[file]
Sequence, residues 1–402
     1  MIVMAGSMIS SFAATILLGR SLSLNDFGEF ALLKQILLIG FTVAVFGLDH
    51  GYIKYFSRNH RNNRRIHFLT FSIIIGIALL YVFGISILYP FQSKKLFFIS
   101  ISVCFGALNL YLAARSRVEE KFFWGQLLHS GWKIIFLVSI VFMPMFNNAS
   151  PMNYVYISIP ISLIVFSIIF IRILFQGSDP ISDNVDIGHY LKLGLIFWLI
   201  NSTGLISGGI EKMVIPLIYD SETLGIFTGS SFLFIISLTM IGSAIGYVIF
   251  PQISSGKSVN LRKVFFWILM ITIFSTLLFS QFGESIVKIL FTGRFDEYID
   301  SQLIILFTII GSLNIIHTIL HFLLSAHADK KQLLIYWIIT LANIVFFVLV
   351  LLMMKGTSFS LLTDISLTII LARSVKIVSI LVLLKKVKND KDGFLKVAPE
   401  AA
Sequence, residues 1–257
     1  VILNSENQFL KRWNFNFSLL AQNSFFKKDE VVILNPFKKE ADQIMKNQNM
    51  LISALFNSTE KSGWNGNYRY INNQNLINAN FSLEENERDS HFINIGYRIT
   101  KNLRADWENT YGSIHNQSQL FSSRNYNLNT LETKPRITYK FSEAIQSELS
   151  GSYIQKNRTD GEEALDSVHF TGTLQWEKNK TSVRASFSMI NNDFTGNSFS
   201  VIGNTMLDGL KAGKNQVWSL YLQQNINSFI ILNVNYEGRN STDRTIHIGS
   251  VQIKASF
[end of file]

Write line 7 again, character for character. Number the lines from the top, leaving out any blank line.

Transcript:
   251  PQISSGKSVN LRKVFFWILM ITIFSTLLFS QFGESIVKIL FTGRFDEYID